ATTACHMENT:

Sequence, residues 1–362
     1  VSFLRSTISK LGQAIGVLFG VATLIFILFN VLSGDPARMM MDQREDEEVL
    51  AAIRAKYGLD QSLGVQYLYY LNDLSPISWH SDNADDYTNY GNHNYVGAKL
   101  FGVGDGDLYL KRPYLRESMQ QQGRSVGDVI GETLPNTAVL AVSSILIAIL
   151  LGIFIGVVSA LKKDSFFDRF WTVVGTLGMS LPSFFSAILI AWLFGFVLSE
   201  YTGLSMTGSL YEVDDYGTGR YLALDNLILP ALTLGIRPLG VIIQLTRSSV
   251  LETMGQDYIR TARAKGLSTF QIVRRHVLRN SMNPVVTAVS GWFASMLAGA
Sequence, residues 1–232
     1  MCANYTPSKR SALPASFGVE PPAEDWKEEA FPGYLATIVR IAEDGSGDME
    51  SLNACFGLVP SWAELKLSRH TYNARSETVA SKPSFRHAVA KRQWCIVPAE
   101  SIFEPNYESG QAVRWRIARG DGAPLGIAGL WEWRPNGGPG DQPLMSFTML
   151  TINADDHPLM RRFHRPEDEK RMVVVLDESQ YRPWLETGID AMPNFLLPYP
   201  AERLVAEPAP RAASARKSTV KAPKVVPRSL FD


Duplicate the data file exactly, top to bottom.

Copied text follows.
Sequence, residues 1–362
     1  VSFLRSTISK LGQAIGVLFG VATLIFILFN VLSGDPARMM MDQREDEEVL
    51  AAIRAKYGLD QSLGVQYLYY LNDLSPISWH SDNADDYTNY GNHNYVGAKL
   101  FGVGDGDLYL KRPYLRESMQ QQGRSVGDVI GETLPNTAVL AVSSILIAIL
   151  LGIFIGVVSA LKKDSFFDRF WTVVGTLGMS LPSFFSAILI AWLFGFVLSE
   201  YTGLSMTGSL YEVDDYGTGR YLALDNLILP ALTLGIRPLG VIIQLTRSSV
   251  LETMGQDYIR TARAKGLSTF QIVRRHVLRN SMNPVVTAVS GWFASMLAGA
Sequence, residues 1–232
     1  MCANYTPSKR SALPASFGVE PPAEDWKEEA FPGYLATIVR IAEDGSGDME
    51  SLNACFGLVP SWAELKLSRH TYNARSETVA SKPSFRHAVA KRQWCIVPAE
   101  SIFEPNYESG QAVRWRIARG DGAPLGIAGL WEWRPNGGPG DQPLMSFTML
   151  TINADDHPLM RRFHRPEDEK RMVVVLDESQ YRPWLETGID AMPNFLLPYP
   201  AERLVAEPAP RAASARKSTV KAPKVVPRSL FD